I don’t see the other jurisdictions necessarily as a threat. I see them as complementary and they each have a role to play. Cayman still has a role to play, and if anything, it keeps Bermuda honest in terms of keeping the regulator on its toes, because we do have an alternative.
Singapore has changed. They’ve renewed the subsidy programme but the condition is that you have to have some Asian exposure within the cat bond. So those Florida cat bonds that were done in Singapore cannot happen now. But how many cat bonds do we have with Asian exposure?
We don’t have that many, so it’s not so much a threat, it’s more complementary, which is exciting. The only one from a jurisdiction perspective that could compare to Bermuda would be the UK.
Again, I see it as an exciting development because it has a lot of the elements that Bermuda has. The one element it probably doesn’t have is a regulator that’s as responsive and as flexible. But once we’ve passed that hurdle—and I hope we can help the UK regulator get over that—there’s no reason why London couldn’t be another successful ILS jurisdiction.
Some Europeans, rightly or wrongly, refuse to deal with Bermuda or Cayman, and I know a lot of the Asian market love having to deal with London. So if there’s a way we can expand that market and allow other jurisdictions to catch business that Bermuda wouldn’t see in the first place, that’s an awesome development.
Brad Adderley: I’m always concerned that once someone uses a different jurisdiction, people wonder: “maybe I should follow them?”. It’s interesting that competitors have come and gone. Cayman was very popular; so was Ireland but it never took off. Singapore has fallen off because they stopped paying people to use them, and those same people have come back to Bermuda.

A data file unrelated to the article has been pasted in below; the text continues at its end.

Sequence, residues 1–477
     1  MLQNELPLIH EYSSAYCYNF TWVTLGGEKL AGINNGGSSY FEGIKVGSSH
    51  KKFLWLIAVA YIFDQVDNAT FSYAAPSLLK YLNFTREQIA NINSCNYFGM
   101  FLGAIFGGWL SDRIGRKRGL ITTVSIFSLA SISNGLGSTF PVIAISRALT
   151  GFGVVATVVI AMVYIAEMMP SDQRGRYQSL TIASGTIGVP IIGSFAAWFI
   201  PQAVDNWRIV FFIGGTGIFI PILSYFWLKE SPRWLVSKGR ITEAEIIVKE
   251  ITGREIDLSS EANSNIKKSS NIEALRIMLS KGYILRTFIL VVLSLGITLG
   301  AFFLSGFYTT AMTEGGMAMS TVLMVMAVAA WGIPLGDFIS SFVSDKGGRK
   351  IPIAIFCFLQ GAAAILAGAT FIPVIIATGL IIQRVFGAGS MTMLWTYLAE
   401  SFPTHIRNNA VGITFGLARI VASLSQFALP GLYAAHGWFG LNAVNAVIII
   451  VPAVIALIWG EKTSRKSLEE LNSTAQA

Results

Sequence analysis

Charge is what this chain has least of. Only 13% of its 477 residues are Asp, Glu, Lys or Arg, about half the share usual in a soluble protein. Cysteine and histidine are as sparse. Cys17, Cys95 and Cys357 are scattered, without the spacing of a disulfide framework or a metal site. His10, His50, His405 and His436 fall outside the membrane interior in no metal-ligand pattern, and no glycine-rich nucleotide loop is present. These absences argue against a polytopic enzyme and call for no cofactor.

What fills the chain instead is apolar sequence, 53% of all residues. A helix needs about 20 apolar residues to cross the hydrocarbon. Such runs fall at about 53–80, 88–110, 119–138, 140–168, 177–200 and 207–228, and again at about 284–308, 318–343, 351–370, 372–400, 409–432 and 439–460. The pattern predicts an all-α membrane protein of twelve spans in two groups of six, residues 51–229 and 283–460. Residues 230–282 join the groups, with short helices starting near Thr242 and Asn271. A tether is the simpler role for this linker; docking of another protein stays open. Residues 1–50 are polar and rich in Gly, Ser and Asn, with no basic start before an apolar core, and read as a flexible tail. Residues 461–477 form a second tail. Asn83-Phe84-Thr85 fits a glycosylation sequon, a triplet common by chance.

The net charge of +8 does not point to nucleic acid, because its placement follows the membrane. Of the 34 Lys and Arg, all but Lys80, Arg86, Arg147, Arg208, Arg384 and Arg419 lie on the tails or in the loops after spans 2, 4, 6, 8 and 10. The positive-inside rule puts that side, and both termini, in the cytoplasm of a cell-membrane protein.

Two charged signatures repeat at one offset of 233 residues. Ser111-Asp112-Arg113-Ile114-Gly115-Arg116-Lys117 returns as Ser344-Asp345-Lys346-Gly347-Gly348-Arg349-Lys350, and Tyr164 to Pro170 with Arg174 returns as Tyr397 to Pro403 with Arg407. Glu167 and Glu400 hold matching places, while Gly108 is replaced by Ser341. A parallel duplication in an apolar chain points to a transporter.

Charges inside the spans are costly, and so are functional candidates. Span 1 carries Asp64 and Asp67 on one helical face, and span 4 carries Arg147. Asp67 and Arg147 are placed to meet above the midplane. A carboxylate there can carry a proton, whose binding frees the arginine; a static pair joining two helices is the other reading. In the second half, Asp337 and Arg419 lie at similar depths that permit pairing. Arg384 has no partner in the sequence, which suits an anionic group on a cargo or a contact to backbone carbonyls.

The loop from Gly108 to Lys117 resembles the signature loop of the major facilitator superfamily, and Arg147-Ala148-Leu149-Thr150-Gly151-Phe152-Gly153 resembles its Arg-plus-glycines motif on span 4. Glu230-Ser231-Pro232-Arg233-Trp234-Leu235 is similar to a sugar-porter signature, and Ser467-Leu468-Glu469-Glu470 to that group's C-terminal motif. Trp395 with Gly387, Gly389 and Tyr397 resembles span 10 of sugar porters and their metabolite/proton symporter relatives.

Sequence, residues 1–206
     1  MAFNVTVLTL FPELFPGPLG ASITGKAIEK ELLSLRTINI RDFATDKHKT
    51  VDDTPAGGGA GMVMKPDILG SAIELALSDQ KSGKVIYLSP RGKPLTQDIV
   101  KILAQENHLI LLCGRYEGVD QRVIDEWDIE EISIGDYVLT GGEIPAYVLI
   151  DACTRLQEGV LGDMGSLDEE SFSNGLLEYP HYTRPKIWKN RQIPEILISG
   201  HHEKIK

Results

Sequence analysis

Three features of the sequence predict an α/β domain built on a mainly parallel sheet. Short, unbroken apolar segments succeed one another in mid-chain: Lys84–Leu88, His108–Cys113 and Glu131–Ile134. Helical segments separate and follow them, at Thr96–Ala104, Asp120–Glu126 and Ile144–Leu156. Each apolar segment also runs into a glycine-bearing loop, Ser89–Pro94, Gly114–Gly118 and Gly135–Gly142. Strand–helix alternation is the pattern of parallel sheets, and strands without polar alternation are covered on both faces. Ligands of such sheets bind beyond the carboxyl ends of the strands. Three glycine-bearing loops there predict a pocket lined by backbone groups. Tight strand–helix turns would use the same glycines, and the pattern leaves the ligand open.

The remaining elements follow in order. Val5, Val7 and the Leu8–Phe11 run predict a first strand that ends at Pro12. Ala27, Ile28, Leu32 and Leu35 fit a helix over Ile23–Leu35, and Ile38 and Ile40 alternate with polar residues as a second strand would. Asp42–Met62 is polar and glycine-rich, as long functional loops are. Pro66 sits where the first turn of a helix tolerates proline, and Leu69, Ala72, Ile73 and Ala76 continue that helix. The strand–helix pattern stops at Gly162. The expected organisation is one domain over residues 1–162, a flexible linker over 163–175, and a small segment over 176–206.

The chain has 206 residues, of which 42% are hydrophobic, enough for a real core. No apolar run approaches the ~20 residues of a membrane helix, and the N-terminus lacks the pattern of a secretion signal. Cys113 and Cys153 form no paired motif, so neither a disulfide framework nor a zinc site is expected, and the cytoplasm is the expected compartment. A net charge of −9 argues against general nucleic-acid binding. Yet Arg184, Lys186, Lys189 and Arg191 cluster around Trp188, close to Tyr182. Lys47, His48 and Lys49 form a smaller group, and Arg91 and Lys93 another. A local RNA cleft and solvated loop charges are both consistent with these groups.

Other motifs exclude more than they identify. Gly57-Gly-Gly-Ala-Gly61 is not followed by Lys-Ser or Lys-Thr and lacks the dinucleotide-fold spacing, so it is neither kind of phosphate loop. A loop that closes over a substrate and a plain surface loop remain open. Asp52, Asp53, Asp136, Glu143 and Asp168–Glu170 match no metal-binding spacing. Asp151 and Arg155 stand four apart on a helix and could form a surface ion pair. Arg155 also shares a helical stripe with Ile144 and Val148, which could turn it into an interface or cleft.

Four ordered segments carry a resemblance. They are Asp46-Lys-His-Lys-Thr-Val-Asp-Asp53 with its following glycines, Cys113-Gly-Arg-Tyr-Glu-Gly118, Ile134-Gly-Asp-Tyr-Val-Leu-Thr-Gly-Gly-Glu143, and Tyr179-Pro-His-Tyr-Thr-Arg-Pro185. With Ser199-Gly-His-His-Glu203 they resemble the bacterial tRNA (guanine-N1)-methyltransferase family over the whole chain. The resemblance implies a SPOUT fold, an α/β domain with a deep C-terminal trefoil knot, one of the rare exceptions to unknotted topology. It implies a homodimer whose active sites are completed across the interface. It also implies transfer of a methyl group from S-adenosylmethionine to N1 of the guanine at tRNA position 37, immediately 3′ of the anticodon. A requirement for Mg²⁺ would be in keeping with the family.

The problem with the UK for me is the connection to Lloyd’s and London. Will they get access to other markets if they do it there? I wonder if they’ll ever get the speed correct, if they’ll ever be fast enough to go to market with the UK Prudential Regulation Authority (PRA). I don’t think they will be, but they do have the attraction of Lloyd’s. It does concern me—if they do 10 cat bonds, everyone’s going to be saying: “why not London?”.
But at the same time, we have the investors, the sponsors and the deals in Bermuda. Every year we do more deals and every year the deals are bigger and more complex. I feel good about it, but the UK concerns me most.
Scott Cobon: It’s about growing the pie. London has a unique position, and I agree that the PRA will never get to a point where speed to market execution is like Bermuda’s. So Bermuda will always have its position. Overall for the ILS industry, having initiatives in places such as London or Cayman is good for the market as a whole. We’ve seen quite an uptick in activity in Cayman, whether it’s ILS backing MGAs or collateralised reinsurance.
There’s been quite a bit of activity, but I don’t think that takes away from the uniqueness of Bermuda around having a mature traditional market, and a mature regulator that can deal with issues swiftly and easily. It’s about growing the pie and sitting here in Bermuda I don’t feel threatened at all by any of these initiatives.
Adam Champion: The more interesting thing for me is London Bridge, the Lloyd’s ILS platform, because of the benefits you get from being a syndicate. The leverage and the licences—they are unmatched anywhere in the world.
Third party capital wants to access that, and it’s been relatively constricted in the past by bureaucracy and speed to market, which has historically made Bermuda more attractive. If Lloyd’s were to truly revolutionise the way it takes in third party capital, it would put pressure on Bermuda
I also tend to agree that generally, domiciles are complementary, rather than direct threats. However, given that many reinsurance companies operate in both jurisdictions, there is industry-wide transparency across both markets and they are naturally always weighing the pros and cons of where they maintain their capital.
First Published In Bermuda Finance 2023/24, Bermuda:Re+ILS, January 2024